Influences: Vocalist and conductor Bobby McFerrin
Singer/conductor Bobby McFerrin is still probably best known for his hit associated with George H.W. Bush, “Don’t Worry, Be Happy.” But he’s a more complex and genre-defying creature. He hardly deserves to be remembered for an ode to complacency.
The All Music Guide describes McFerrin’s vocal gifts: “Equally adept in jazz, pop, and classical settings, his octave-jumping trademark style, with its rhythmic inhalations and stop-on-a-dime shifts from falsetto to deep bass notes often sounds like the work of at least two or three singers at once.”
He grew up in New York City; his father was baritone Robert McFerrin, a Jackie Robinson figure for the opera world. His mother, Sara Copper, sang with regional opera companies and on Broadway.
After studying music in Sacramento and Cerritos, McFerrin emerged as an idiosyncratic and versatile singer. His 1984 solo jazz-vocal album, “The Voice,” recorded without overdubs, became an immediate landmark and he went on to perform with artists ranging from Herbie Hancock to Robin Williams.
When the Bush campaign used his most famous song without permission in 1988, McFerrin stopped performing the song and moved into a new phase of his career, one more oriented to classical music and including collaborations with Yo-Yo Ma and the St. Paul Chamber Orchestra. He became active as a guest conductor in the ‘90s, often conducting Gershwin’s “Porgy and Bess,” aiming to restore its jazz and blues qualities.
McFerrin will appear July 13 at the Hollywood Bowl with jazz fusion group the Yellowjackets on a bill that also includes jazz trumpeter Chris Botti. Here are five of his key influences:
Fred Astaire: Don't tell anyone, but I use to feign sickness and stay home from school just to watch Fred Astaire dance. Ahh, the joy!! It was contagious.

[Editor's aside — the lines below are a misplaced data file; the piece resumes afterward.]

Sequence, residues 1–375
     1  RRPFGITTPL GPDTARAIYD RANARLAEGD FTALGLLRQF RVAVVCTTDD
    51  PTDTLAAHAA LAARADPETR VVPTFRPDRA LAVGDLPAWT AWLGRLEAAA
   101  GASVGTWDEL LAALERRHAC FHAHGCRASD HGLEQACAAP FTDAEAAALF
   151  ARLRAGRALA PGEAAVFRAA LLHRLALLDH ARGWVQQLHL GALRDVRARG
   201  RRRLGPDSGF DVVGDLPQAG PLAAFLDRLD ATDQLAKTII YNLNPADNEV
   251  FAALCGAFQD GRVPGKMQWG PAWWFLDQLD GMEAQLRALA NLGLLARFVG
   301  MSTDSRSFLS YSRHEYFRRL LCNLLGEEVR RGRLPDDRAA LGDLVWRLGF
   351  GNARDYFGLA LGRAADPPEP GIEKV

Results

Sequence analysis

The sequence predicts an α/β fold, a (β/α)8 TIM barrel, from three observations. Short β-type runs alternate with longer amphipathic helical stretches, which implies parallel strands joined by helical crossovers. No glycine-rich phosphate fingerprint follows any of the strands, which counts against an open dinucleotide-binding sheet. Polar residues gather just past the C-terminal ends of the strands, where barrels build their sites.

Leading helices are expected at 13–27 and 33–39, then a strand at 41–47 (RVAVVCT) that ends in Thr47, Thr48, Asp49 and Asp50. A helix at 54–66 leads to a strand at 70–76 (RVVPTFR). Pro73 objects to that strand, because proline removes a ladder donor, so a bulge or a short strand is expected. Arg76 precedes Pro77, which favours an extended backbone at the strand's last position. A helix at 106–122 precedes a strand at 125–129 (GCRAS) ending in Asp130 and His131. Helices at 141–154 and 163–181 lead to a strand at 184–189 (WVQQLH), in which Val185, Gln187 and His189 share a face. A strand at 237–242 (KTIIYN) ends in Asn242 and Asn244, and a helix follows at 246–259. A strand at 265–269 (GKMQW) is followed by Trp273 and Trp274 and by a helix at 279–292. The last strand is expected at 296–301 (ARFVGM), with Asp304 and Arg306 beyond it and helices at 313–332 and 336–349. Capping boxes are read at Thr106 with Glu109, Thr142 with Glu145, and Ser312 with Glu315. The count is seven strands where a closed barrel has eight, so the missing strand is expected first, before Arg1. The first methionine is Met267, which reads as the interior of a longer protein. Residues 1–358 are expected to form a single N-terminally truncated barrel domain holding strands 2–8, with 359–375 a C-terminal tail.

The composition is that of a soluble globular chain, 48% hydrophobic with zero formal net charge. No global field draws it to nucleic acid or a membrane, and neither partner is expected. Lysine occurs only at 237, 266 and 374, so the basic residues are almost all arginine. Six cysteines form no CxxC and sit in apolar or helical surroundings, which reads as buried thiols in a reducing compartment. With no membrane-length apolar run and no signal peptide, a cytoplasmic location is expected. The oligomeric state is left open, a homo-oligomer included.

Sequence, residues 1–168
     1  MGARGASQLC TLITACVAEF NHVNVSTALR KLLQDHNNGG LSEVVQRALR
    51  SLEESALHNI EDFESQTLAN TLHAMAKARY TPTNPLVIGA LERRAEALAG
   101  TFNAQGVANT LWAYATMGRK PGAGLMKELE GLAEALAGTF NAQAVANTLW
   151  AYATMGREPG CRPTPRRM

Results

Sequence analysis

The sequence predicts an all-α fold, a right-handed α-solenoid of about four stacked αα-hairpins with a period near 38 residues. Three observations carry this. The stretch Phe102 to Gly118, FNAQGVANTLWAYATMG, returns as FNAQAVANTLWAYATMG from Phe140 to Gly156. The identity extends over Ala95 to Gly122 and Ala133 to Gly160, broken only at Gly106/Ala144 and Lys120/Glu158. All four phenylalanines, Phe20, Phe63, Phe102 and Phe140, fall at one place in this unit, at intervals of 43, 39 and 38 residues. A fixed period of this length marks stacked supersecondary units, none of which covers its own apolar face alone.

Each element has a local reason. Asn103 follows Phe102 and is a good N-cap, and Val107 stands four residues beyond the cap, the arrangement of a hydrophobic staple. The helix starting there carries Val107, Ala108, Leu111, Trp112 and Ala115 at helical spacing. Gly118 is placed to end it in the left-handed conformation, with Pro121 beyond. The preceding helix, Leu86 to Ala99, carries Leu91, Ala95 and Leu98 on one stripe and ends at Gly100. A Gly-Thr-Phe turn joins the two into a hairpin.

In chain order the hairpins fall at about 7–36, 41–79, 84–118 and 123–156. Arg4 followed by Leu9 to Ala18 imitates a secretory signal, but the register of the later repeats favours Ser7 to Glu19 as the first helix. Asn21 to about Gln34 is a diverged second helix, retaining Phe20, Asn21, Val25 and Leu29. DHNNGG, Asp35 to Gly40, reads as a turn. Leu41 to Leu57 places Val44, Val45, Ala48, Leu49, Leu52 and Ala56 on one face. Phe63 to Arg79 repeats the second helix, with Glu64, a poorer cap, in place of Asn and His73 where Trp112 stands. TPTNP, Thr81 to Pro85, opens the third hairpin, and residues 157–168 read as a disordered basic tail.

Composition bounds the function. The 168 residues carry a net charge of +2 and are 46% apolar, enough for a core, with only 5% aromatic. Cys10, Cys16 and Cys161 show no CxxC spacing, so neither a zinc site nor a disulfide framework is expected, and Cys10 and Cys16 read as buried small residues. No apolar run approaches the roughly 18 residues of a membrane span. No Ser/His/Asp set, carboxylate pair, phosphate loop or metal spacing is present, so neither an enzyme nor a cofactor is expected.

Miles Davis: The first time I saw Miles Davis’ band play was at a club in L.A. called Shelley's Manne hole in 1971. I walked out molecularly changed. I understood what true improvisation was from that moment.
Pablo Picasso: Picasso painted with the freedom of a child. I try to sing that way.
Robert McFerrin: My father was the greatest teacher of singing I ever saw. He relentlessly pursued the greatness in each of his students. Very demanding. Never sugar-coated anything. He sometimes reduced his singer to tears, but he got results. If you weren't as passionate as he about the art of singing, he had no time for you. Very disciplined. What a great example he was for me when it came to really working hard on my craft. And on top of that, he was a very humble man, always acknowledging that his voice was a gift from God and his job was to take care of it.
Jesus Christ: Without Jesus I could have no joy, I could not change, I could not trust as a child, I could not be disciplined, I could not humbly accept my voice as a gift.
-- Scott Timberg
Hollywood Bowl, 2301 N. Highland Ave., Los Angeles, (323) 850-2000, July 13. www.hollywoodbowl.com
Photo: Bobby McFerrin. Credit: Carol Friedman